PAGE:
It is no help for you to know, but I think that the majority of us already know the diagnosis before we are given it formally, and, as said above, it sometimes makes no difference. It might help to do a search of what support is available in your area, so that maybe you can take a step backwards?


Registered User
Mar 4, 2013
Auckland...... New Zealand

I get where your coming from.
My 80yo Dad had an MCI diagnosis 4 yrs ago.
Dad is also a heavy smoker ( a bit less now) , a big drinker in his younger days and was an amateur boxer. He denies any concussions.
Everything has always pointed to Frontal Temporal Dementia.
Mainly behavioural, poor judgement, reasoning, decision making, very impulsive, little social skills, poor language skills, apathy, selfishness.
Even his brain scan 4 yrs ago showed frontal lobe atrophy, and areas of vascular damage due to smoking and probable head trauma from his boxing days.

However after a recent reassesment the Memory Team said he had mixed dementia.... what does that mean? They dont have a definitive diagnosis?
However, because he has never been told by his GP, then he doesnt beleive anythings wrong with him.

Have never had a relationship with Dad, unlike Mum with Alzheimers and in care now.
I care out of duty only. I only do whats necessary.
Its very difficult to tell myself that Dads issues are “dementia” when much of my life Ive known Dad no other way.
He wont accept any home help.
No cleaners or gardners. No going to dementia groups or day care.
No iniative to do anything at home, yet Memory Team says hes not depressed.
I have to nag him to change his clothes, tidy up after himself.
Its not as if he has Alzheimers and doesnt remember how.

Yet he is an accident waiting to happen due to poor decisions and not recognising danger.
We’ve already had one incident involving the police!
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Registered User
Feb 25, 2014
South coast
@rainbowcat - at least you have a diagnosis now, and one that has the word "dementia" in it. Technically he has mixed dementia - a combination of 2 or more types of dementia - in your dads case alcohol dementia and vascular dementia.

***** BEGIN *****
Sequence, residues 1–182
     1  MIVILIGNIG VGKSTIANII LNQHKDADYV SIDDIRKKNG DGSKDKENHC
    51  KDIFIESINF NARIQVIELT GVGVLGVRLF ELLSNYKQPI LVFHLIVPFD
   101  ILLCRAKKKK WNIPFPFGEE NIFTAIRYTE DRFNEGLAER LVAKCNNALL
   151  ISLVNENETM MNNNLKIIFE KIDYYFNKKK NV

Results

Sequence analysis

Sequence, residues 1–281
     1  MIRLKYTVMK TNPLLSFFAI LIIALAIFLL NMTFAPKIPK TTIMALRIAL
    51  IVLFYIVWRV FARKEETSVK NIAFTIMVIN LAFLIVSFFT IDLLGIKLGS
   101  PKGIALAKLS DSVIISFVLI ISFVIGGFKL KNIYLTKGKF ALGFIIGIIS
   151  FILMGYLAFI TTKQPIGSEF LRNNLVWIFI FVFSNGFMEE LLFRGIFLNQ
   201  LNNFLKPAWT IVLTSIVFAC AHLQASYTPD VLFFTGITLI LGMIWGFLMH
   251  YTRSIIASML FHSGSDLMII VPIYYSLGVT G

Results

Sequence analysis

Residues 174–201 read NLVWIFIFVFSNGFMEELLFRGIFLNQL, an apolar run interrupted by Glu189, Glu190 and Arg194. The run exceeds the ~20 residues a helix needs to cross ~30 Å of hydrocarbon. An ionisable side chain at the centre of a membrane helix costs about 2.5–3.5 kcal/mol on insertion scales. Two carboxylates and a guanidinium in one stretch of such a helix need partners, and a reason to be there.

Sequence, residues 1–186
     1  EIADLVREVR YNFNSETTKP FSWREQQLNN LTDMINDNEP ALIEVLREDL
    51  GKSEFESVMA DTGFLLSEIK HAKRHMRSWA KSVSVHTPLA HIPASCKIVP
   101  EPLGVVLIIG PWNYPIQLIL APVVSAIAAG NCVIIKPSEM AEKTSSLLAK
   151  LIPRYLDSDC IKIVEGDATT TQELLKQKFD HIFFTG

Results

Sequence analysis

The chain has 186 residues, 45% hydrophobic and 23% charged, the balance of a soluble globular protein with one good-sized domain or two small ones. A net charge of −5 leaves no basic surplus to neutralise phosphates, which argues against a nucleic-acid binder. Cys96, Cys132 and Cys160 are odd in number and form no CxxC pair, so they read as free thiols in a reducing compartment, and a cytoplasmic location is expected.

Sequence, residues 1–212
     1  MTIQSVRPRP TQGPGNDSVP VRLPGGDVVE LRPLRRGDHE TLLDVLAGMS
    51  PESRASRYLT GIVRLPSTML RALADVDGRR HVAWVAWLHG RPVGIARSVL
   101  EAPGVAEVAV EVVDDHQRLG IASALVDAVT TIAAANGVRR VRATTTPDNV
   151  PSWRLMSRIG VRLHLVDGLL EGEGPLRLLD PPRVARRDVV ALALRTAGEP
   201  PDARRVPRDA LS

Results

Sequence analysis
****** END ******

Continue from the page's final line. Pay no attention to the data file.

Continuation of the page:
I dont know whether putting a label on it helps - I still dont have a "proper" diagnosis for OH, although everyone accepts that he has a neurodegenerative condition. It is hard too when there is the feeling that their own life choices have contributed towards the condition.

BTW, your dad has obvious anosognosia. He is unable to comprehend that he has anything wrong with him.
So - the doctors havent told him, they dont know what they are talking about, he doesnt need any help ,there is nothing wrong with him, his behavior is normal....................
Its a very common (though little talked of) symptom of dementia and you wont be able to make him understand or accept that he has problems. So dont try reasoning and arguing with him - just get on and do what is necessary (like not ordering the alcohol he wants as you are already doing)


Registered User
Oct 14, 2015
Thank you all for replying - I can't do any individual replies at the mo cos I have literally JUST (4 hours ago) lost my beautiful cat (my sister's artwork of my Bobby is my avatar/profile pic) and am devastated. I didn't want to leave people thinking I was posting and running.

Thank you all again, I will post soon x


Registered User
Feb 1, 2015
So sorry to hear about your cat, they can be such a comfort through such difficult times, its awful when you lose them. With mum its been the opposite in that she has never smoked, only been a very light drinker (a small glass of wine with her Sunday dinner and a couple more at Christmas) and has eaten the right things and always been a walker, but in spite of this, at the age of 60, we started to see the first signs that things weren't right (she's now 71). She's not really been able to enjoy her retirement due to this disease and I also feel annoyed aswell but for a different reason, it seems unfair that having been careful she and the rest of us have been blighted with this through what is just shear bad luck! I wouldn't wish this on my worst enemy.